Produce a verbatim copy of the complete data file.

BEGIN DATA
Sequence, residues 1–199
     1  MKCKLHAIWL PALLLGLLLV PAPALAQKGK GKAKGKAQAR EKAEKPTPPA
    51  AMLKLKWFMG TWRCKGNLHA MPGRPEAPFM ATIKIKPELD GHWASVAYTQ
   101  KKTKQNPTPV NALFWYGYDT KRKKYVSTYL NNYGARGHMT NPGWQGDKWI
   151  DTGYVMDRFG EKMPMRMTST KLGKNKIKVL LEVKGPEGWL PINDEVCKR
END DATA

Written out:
Sequence, residues 1–199
     1  MKCKLHAIWL PALLLGLLLV PAPALAQKGK GKAKGKAQAR EKAEKPTPPA
    51  AMLKLKWFMG TWRCKGNLHA MPGRPEAPFM ATIKIKPELD GHWASVAYTQ
   101  KKTKQNPTPV NALFWYGYDT KRKKYVSTYL NNYGARGHMT NPGWQGDKWI
   151  DTGYVMDRFG EKMPMRMTST KLGKNKIKVL LEVKGPEGWL PINDEVCKR